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Flashcard 4462024723724

Question
In AWS IAM, [...] are JSON documents with permission statements that you attach to users, groups, or roles.
Answer
Policies

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Flashcard 4462026820876

Question
In AWS IAM, policies (containing permission statements) that you attach to users/groups/roles can be created in JSON or via [...you can use multi word answer here...]
Answer
GUI Tool

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Flashcard 4462028918028

Question
In AWS IAM, the JSON-defined policies contain an array of Statements, each having the keys: Effect, [...] and Resource.
Answer

Action

^^^ e.g.: To allow a user to rotate their own access key, you have Effect is "Allow" (can either be "Allow" or "Deny"), the Action is anything related to Accesskey (e.g. Create, Delete, etc) and the Resource is just their own IAM user.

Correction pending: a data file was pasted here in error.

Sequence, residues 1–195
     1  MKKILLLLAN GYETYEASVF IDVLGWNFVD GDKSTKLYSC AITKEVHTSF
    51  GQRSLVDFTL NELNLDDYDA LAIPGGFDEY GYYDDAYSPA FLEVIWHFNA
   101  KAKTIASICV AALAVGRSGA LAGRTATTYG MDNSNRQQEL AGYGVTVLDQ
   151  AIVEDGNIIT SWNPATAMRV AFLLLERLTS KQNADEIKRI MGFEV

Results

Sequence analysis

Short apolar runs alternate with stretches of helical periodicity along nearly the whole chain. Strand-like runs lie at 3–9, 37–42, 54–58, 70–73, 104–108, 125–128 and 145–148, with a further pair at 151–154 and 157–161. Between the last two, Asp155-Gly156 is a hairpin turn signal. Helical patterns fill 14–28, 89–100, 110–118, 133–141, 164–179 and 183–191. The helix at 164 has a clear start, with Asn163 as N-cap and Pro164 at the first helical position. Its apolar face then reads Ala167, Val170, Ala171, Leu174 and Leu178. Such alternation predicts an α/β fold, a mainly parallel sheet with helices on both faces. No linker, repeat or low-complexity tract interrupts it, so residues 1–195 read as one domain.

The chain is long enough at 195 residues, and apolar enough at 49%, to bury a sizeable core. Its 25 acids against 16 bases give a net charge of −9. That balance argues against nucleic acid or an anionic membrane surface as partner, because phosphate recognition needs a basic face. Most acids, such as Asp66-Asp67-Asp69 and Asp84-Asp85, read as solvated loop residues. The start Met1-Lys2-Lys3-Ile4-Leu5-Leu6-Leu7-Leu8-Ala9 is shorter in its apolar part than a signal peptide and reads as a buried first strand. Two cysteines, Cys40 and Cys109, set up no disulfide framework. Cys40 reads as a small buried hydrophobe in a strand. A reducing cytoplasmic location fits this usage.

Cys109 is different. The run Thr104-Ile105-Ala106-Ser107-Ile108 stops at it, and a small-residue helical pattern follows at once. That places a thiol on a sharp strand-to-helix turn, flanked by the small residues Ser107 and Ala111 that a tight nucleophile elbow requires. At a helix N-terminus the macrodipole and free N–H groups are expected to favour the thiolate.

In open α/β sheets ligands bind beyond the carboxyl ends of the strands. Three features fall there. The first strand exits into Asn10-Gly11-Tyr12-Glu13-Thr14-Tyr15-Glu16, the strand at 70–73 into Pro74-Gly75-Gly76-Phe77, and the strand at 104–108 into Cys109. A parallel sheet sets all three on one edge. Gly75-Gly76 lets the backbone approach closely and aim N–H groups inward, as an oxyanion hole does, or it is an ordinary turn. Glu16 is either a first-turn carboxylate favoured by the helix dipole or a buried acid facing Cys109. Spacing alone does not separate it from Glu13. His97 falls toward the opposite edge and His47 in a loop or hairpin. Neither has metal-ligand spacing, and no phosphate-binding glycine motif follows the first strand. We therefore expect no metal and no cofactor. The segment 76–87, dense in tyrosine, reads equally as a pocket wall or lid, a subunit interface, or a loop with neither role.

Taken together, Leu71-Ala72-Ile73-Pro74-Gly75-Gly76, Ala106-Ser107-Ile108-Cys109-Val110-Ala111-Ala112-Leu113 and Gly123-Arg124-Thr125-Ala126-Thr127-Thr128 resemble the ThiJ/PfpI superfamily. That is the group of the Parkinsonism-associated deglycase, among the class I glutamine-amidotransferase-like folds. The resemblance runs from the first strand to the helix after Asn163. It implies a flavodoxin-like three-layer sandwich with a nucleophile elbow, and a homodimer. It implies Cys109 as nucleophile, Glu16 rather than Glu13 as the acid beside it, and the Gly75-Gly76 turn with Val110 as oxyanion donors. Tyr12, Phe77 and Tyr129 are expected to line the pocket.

{
    "Version": "2012-10-17",
    "Statement": [
        {
            "Effect": "Allow",
            "Action": [
                "iam:*AccessKey*"
            ],
            "Resource": [
                "arn:aws:iam::*:user/${aws:username}"
            ]
        }
    ]
}


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Flashcard 4462031015180

Question
In AWS, [...] is the name of service used to monitor your AWS account and resources, and can be used for things like creating billing alarms to send email notifications (via SNS) when your billing goes over a certain monthly amount.
Answer
CloudWatch